When you apply for disability benefits with the Social Security Administration (SSA), a Social Security claims inspector will determine whether all of your symptoms are severe enough to meet the eligibility for disability. They will review a manual known as a listing of impairments to see whether your impairment is listed within the manual.
The manual defines how severe a specific impairment must be to qualify as disabling. When your impairment is listed in the manual and meets all criteria as prescribed, you can be classified as disabled.
The listing of impairments has a specific section that consists of blood disorder impairments, also known as hematological disorders. Some of the common conditions that are addressed in the blue book include:
Other blood disorders may make you eligible for Social Security disability benefits, even if they are listed within other categories. When the specific condition is not explicitly listed within the blue book, the SSA may compare it to similar issues. Some of the other conditions for which an applicant may qualify include:
How a specific disorder relates to the above listings or whether your condition would meet the eligibility criteria of a listing can be complicated to determine. It is a good idea to speak with a doctor to learn more about how your impairment may fit the specified criteria for a hematological listing.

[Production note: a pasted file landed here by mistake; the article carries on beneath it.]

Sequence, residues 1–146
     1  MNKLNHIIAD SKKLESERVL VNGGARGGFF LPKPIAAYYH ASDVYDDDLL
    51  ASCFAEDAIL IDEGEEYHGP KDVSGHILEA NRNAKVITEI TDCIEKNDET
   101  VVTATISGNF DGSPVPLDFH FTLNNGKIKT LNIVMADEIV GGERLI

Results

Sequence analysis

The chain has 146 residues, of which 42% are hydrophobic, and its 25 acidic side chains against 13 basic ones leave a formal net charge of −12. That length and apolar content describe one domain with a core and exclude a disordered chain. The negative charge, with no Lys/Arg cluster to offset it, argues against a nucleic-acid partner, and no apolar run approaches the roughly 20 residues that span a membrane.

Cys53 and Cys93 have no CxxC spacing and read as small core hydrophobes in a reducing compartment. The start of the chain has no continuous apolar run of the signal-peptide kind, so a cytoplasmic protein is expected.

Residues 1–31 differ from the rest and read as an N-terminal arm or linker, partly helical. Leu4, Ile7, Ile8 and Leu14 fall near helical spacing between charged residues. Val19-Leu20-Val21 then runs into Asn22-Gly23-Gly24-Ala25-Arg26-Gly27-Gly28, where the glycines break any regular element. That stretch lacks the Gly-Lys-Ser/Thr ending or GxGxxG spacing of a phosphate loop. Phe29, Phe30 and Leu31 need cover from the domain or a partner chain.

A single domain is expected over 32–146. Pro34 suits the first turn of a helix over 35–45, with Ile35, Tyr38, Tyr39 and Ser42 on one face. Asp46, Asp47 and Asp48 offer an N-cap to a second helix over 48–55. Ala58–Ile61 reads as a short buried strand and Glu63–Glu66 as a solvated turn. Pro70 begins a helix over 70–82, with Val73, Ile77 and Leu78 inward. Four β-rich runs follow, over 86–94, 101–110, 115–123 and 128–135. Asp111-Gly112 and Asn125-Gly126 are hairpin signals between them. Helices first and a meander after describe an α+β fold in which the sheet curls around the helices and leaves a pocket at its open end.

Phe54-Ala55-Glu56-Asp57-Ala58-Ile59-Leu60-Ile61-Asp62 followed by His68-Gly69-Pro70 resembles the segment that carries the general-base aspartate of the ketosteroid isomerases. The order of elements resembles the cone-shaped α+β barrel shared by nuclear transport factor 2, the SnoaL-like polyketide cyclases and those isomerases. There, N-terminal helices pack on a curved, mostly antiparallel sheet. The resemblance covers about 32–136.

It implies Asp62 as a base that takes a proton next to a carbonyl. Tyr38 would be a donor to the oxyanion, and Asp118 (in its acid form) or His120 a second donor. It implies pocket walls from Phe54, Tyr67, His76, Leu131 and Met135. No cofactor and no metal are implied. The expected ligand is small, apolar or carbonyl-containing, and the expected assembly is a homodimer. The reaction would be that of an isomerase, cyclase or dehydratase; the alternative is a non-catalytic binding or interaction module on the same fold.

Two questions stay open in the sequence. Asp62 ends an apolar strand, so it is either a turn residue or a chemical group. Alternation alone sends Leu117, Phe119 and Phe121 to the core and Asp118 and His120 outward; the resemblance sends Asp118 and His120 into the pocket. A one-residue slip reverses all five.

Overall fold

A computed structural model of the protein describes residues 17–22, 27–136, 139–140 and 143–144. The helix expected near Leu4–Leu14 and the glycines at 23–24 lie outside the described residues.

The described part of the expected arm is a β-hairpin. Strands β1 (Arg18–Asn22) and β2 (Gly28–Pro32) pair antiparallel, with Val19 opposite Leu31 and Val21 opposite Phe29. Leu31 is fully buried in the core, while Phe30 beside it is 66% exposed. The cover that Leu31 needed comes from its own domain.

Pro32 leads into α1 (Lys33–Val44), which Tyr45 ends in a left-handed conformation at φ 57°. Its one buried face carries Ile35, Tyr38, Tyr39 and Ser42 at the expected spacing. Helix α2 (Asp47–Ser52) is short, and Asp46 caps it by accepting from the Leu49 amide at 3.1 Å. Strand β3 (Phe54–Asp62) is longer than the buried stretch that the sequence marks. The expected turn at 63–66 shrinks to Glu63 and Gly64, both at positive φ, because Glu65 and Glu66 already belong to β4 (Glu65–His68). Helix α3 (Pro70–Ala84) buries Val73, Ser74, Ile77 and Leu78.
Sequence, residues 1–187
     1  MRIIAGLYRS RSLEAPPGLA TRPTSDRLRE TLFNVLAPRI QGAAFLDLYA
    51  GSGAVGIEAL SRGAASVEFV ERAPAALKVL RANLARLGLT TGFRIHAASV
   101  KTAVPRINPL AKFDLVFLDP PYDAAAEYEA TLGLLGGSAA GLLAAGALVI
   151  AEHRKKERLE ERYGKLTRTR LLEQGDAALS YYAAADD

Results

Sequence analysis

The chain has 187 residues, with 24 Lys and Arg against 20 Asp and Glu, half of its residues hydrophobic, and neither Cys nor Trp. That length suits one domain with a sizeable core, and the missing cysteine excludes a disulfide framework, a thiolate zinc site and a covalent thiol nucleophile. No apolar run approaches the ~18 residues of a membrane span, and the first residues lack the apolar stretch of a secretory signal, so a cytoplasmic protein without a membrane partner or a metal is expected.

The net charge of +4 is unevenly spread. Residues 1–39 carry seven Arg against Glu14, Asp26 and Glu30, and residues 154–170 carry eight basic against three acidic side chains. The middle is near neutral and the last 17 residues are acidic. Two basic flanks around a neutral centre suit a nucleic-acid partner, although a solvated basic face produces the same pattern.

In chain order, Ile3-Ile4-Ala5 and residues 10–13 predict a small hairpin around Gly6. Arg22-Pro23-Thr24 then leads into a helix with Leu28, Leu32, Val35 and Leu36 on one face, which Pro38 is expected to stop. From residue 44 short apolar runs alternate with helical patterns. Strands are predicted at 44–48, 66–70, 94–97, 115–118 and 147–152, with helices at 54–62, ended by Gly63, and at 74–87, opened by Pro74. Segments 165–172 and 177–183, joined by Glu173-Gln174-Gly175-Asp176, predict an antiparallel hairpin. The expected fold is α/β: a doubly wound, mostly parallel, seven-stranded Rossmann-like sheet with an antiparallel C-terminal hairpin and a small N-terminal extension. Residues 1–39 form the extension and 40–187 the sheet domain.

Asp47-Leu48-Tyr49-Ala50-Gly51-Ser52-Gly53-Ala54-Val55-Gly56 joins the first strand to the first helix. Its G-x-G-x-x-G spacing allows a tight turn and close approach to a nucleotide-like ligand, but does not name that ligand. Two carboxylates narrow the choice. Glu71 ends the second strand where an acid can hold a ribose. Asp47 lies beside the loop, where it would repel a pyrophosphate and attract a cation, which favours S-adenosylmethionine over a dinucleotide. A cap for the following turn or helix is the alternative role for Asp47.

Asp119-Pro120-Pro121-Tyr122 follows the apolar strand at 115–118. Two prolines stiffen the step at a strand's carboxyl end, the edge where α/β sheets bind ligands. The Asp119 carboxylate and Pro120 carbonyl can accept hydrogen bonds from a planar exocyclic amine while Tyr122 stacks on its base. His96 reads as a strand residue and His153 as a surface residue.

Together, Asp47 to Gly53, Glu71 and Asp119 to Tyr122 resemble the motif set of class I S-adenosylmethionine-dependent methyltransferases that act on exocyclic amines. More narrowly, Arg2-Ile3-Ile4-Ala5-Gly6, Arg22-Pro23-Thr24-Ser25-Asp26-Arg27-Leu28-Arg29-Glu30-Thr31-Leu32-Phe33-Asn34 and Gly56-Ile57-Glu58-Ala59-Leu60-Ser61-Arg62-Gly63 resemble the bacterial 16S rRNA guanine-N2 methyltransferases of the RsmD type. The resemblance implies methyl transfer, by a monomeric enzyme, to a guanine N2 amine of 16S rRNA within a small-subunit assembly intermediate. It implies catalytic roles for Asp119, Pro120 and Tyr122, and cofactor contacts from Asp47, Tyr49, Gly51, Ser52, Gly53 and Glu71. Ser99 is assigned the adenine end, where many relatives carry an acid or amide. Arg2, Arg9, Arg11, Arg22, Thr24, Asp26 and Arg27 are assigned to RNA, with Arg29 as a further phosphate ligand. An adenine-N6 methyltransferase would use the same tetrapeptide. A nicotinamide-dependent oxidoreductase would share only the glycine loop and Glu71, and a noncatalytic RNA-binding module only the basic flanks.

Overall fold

If you do not meet the criteria of the above listings, you might still be able to obtain disability benefits based on your limited functioning. The SSA understands that it cannot prepare a manual for every impairment with which an individual may suffer. So, if your impairment is not on the list, the claim examiner will try to find out whether there are any jobs you may be able to do with your remaining abilities.
If your initial application for benefits is denied, you can start the appeal process to pursue the financial assistance that you need
The SSA relies on an extensive screening process to determine whether you may be eligible for benefits, such as if you are submitting a blood clotting disorder disability claim.
Recipients of benefits are not permitted to earn more than what the SSA considers to qualify as substantial and gainful activity.
When you are permanently disabled, there is a high chance that an applicant could get approved to start receiving Social Security disability benefits. You may be able to improve your chances of getting approved for benefits by consulting a Social Security disability lawyer who focuses their practice on assisting people with disability claims.
Social Security Disability